Place of birth
- Founder of the International Red Cross
- He received the first Nobel Peace Prize together with FrÃdÃric Passy
- Brave / Courageous
- A good and strong leader
- Good or moral (strong beliefs or principles)
- Single minded / Focused (has a purpose)
- Just and fair minded
The founder of the International Red Cross
Dunant was a Swiss businessman and social activist. During a business trip in 1859, he was witness to the aftermath of the Battle of Solferino in modern-day Italy. He recorded his memories and experiences in the book A Memory of Solferino which inspired the creation of the International Committee of the Red Cross (ICRC) in 1863.
Dunant was born in Geneva, Switzerland, the first son of businessman Jean-Jacques Dunant and Antoinette Dunant-Colladon. His family was devoutly Calvinist and had significant influence in Geneva society. In 1849, at age 21, Dunant was forced to leave the College Calvin due to poor grades, and he began an apprenticeship with the money-changing firm Lullin et Sautter. After its successful conclusion, he remained as an employee of the bank. In 1853, Dunant visited Algeria, Tunisia, and Sicily, on assignment with a company devoted to the "colonies of Setif" (Compagnie genevoise des Colonies de SÃtif). Despite little experience, he successfully fulfilled the assignment. Inspired by the trip, he wrote his first book with the title An Account of the Regency in Tunis (Notice sur la RÃgence de Tunis), published in 1858. Dunant arrived in Solferino on the evening of 24 June 1859, on the same day a battle between the two sides had occurred nearby. Twenty-three thousand wounded, dying and dead remained on the battlefield, and there appeared to be little attempt to provide care. Shocked, Dunant himself took the initiative to organize the civilian population, especially the women and girls, to provide assistance to the injured and sick soldiers. They lacked sufficient materials and supplies, and Dunant himself organized the purchase of needed materials and helped erect makeshift hospitals. He convinced the population to service the wounded without regard to their side in the conflict as per the slogan "Tutti fratelli" (All are brothers) coined by the women of nearby city Castiglione delle Stiviere. He also succeeded in gaining the release of Austrian doctors captured by the French.After returning to Geneva early in July, Dunant decided to write a book about his experiences, which he titled Un Souvenir de Solferino (A Memory of Solferino). It was published in 1862 in an edition of 1,600 copies and was printed at Dunant's own expense. Within the book, he described the battle, its costs, and the chaotic circumstances afterwards. He also developed the idea that in the future a neutral organization should exist to provide care to wounded soldiers. He distributed the book to many leading political and military figures in Europe.In 1901, Dunant was awarded the first-ever Nobel Peace Prize for his role in founding the International Red Cross Movement and initiating the Geneva Convention. He died on 30 October 1910, and his final words were "Where has humanity gone?"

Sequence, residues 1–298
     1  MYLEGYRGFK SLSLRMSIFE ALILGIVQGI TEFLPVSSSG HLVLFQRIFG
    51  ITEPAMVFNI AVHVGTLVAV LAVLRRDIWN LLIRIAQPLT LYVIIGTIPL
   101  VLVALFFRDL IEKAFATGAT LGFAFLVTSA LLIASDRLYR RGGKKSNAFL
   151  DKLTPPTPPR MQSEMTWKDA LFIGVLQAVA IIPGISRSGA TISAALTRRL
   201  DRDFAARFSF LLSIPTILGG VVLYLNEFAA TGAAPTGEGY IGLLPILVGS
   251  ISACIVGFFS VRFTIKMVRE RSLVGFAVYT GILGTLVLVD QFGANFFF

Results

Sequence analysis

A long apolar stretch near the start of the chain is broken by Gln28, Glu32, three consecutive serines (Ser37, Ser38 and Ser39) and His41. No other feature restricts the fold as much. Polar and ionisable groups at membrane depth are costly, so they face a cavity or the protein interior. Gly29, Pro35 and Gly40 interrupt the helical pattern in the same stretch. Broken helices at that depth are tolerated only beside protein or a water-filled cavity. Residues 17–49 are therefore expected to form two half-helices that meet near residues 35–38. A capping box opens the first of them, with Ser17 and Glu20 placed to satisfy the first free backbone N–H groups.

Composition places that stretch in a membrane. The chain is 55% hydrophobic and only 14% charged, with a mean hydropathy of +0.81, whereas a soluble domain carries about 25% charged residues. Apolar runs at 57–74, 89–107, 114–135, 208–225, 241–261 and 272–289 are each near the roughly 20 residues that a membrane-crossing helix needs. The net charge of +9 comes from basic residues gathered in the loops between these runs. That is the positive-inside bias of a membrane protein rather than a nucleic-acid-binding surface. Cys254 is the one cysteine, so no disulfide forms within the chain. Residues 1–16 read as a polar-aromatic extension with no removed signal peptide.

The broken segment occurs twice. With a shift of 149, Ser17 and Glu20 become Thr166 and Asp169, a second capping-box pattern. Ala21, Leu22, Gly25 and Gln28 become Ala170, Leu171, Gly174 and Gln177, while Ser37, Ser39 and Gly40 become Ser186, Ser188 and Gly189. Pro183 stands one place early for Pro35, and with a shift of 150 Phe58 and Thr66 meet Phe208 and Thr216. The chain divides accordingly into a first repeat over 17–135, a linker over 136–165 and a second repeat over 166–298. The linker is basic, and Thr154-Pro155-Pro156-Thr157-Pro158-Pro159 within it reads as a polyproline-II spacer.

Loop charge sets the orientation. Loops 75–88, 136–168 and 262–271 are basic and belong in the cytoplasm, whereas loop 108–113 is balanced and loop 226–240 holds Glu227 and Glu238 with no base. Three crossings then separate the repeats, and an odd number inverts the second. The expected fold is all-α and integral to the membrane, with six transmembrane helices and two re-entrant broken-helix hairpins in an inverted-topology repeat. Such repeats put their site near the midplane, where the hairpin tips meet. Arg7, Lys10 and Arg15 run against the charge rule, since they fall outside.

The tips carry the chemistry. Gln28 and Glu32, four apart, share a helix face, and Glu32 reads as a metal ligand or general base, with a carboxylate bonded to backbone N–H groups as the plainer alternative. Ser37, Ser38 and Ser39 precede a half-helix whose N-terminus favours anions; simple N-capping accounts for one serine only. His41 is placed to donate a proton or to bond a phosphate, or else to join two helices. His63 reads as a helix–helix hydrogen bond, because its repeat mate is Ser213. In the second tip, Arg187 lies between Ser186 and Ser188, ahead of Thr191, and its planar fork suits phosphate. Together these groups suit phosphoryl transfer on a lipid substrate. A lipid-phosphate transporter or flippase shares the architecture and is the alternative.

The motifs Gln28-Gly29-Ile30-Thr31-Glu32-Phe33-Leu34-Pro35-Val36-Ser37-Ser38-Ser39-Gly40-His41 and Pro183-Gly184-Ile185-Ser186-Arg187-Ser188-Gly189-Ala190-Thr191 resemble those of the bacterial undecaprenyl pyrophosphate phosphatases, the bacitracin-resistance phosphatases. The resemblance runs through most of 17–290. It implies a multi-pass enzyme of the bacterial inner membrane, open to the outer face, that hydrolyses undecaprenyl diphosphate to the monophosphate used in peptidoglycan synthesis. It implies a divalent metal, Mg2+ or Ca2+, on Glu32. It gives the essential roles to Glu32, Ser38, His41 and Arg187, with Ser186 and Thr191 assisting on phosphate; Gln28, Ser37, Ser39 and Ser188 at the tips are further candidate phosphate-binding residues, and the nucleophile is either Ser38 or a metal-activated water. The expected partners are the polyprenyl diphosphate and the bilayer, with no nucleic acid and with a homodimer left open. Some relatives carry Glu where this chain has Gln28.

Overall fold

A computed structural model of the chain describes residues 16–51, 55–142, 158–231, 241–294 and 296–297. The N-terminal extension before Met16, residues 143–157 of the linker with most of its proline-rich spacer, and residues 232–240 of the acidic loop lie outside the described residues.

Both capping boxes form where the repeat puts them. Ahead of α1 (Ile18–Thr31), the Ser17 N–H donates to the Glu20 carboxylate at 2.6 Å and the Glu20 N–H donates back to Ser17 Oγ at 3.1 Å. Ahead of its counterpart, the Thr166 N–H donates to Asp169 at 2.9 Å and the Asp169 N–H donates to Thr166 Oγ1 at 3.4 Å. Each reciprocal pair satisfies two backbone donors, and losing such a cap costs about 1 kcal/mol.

Life in Henry Dunant's world
Was Henry Dunant a Hero?
- He did something for humanity
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